I have so much fun discovering new artists, it really fills me with a great energy. I recently stumbled upon a very interesting, lesser known artist named John Peto. It was quite the happy accident, and I have fallen in love with the painter's style and ability to capture objects of the everyday man with such realistic charm.
Peto was an American painter born in Philadelphia in 1854. His specialty was still life, specifically known as the style of trompe l'oeil ("fool the eye"). Not much is known about his artistic life, but he did begin study at the Pennsylvania Academy of Fine Arts in 1877. After his marriage in 1887, he built a new home at the coastal resort of Island Heights, New Jersey, and became a professional cornet player. He sold paintings to local shopkeepers and summer visitors to the town, but never exhibited anywhere beyond the local drugstore. His work was virtually unknown until rediscovered by the critic Alfred Frankenstein in 1947.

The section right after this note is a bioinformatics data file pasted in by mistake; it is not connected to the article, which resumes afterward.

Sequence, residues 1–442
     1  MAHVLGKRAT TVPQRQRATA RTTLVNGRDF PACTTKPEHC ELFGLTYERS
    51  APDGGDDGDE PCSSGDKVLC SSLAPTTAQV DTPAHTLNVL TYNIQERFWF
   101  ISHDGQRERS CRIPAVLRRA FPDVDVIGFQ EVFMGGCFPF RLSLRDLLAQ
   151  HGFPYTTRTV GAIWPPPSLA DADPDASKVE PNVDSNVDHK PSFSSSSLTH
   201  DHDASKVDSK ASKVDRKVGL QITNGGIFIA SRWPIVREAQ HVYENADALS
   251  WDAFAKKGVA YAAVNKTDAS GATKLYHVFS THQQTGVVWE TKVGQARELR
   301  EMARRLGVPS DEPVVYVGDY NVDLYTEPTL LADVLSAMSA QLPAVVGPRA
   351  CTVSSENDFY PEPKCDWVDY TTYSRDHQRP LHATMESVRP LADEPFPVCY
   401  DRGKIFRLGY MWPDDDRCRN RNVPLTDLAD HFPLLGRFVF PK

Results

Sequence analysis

I love the worn look of the objects Peto uses, especially all the ephemera he works into his paintings. It's a joy to look at and so much fun to wonder about. I hope you'll take some time to discover the objects in the paintings and engage in a discussion about his artwork with your child! Enjoy!
Information about this artist was adapted from The Artchive website.